Amino acid pullet nutrition affects growth and development and it is important to evaluate potential effects on egg traits. One experiment was conducted to determine the effects of four amino acid (AA) dietary levels fed to broiler breeder pullets during the rearing phase from 5 to 24wk of age on egg characteristics. A total of 1,360 Cobb-500 slow-feathering pullets were placed in 16 floor pens (85/pen). Up to 4wk all pullets were fed one starter diet in crumbles and after 29d of age fed with four mash grower diets containing 4 AA levels (0.40, 0.54, 0.60, and 0.66% of dLys with balanced protein) and 2,700 kcal/kg ME. From 16wk to 5% egg production, developer mash diets with 2,800 kcal/kg ME and 0.51, 0.57, 0.63, and 0.69% of dLys were offered. Feed amounts varied slightly (±3 g/d) among treatments in the developer phase to maintain BW close (±2%) to Cobb guideline. After 5% egg production all hens were fed one common layer diet and feed increments were made according to egg production by treatment. Onset of egg production occurred at 165d and reached 5% at 167d of age. Egg weights (30/pen) were evaluated after all treatments reached 50% egg production at 26, 28, 30, 32, and 34wk of age. Eggshell color, strength, and thickness were evaluated in 6 eggs/pen at 30wk. Egg components, albumen, yolk and eggshell percentages were calculated and Haugh units measured. Data was analyzed in a CRD with 4 AA treatments and 4 replicate pens each. One-way ANOVA and regression analyses were conducted. Results indicated that AA levels affected (P < 0.05) egg weight up to 28wk. Hens fed the highest AA level during rearing had eggs up to 2 grams heavier than hens fed the lowest AA level and the other treatments were intermediate. There was a linear effect (P < 0.01) of AA levels on egg weight up to 28wk. However, no effects (P > 0.05) of dietary treatments during rearing on egg weight were detected at 30, 32 and 34wk. No effects (P > 0.05) on eggshell color, thickness, yolk color or egg components were observed. Eggshell strength and elasticity (P < 0.05) of hens fed the highest AA level during rearing was lower (37.9N) than eggs from hens fed the two lowest AA levels (42.5N). In conclusion, AA dietary levels during rearing affected initial egg weight and eggshell strength.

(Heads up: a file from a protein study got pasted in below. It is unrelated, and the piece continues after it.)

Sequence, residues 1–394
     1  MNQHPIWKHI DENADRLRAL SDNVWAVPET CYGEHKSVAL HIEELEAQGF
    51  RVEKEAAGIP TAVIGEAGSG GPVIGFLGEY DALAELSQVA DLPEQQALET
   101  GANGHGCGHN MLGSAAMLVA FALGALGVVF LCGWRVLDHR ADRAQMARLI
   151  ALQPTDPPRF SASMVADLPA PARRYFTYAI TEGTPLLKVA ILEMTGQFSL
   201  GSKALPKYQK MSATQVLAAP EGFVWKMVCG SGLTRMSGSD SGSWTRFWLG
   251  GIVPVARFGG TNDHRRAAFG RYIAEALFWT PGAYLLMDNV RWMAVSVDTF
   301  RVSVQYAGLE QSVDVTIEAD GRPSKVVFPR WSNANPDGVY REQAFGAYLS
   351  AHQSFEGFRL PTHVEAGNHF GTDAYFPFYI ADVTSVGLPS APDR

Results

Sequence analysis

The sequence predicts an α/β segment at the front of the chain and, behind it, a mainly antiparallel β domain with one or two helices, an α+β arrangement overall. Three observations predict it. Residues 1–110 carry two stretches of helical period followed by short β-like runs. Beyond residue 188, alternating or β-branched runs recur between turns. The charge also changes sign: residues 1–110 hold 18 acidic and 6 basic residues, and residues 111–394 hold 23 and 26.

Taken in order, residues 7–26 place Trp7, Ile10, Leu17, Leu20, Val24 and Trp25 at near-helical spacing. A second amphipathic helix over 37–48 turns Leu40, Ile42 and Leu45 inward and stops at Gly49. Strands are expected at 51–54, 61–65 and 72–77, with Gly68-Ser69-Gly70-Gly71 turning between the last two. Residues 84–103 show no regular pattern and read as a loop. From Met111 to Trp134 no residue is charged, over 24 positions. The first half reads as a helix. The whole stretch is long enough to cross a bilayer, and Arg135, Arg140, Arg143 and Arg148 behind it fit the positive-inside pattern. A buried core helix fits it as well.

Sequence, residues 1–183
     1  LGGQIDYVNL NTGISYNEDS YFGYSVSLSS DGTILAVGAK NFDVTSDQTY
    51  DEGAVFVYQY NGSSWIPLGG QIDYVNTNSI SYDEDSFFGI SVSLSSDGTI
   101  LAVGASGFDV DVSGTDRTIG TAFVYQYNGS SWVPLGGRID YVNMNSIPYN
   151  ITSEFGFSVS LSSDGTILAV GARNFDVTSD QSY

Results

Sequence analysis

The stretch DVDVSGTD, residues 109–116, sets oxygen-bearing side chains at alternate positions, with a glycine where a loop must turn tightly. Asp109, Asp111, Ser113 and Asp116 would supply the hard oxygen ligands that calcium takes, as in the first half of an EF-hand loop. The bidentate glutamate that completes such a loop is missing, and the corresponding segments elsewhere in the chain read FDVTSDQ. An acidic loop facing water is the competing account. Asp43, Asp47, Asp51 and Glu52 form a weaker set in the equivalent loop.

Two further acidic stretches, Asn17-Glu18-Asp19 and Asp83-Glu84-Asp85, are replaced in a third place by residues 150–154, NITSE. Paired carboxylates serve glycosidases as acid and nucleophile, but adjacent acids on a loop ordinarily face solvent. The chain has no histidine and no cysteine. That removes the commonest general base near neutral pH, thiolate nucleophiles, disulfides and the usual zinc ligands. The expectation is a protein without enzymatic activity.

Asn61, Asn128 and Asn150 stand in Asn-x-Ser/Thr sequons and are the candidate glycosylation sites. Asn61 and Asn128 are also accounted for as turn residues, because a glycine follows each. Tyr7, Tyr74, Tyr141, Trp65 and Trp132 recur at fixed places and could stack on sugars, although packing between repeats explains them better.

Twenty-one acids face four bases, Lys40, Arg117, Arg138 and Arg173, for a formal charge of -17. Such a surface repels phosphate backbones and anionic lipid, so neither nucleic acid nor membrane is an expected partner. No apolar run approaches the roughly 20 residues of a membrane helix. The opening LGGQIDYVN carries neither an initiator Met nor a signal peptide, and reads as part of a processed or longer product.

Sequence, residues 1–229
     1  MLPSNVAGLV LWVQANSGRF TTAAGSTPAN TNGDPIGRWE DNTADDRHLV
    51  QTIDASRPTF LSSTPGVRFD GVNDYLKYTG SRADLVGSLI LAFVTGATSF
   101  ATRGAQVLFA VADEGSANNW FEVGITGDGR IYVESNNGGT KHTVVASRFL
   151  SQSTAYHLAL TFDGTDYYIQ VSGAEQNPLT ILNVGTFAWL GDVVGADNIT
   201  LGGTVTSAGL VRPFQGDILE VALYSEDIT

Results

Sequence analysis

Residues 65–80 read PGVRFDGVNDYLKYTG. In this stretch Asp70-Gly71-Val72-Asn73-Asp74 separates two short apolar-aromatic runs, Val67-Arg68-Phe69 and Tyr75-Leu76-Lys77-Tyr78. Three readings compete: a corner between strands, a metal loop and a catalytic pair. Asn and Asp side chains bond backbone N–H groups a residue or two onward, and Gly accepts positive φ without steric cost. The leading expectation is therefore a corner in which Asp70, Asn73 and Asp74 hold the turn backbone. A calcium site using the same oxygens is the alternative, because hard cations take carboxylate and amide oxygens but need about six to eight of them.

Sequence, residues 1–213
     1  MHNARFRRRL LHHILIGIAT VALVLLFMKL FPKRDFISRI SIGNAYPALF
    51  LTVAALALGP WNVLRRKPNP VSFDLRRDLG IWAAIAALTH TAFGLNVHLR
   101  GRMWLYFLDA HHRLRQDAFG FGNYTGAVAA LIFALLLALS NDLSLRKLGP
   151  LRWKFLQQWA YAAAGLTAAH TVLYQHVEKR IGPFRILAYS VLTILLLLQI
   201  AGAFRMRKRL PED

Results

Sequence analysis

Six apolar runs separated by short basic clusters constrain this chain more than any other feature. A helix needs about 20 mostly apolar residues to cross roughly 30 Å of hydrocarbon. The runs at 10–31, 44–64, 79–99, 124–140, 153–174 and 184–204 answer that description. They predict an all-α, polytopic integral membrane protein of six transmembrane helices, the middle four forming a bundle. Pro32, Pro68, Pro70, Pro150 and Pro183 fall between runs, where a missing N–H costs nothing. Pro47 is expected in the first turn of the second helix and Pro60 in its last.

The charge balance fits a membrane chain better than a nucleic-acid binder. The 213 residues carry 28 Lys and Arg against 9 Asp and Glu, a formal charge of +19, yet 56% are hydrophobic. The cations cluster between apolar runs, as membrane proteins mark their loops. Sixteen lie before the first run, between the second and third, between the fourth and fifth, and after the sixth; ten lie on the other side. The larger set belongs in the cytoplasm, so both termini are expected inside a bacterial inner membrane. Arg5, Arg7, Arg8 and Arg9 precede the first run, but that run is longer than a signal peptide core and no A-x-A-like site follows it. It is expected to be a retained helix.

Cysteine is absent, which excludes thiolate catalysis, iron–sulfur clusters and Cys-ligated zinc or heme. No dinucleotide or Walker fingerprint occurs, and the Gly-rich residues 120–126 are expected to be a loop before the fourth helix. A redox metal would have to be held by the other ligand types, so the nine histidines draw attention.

Key Words: amino acids, pullet breeders, egg weight, eggshell strength.
Abstract presented at the International Poultry Scientific Forum 2019 in Atlanta, USA.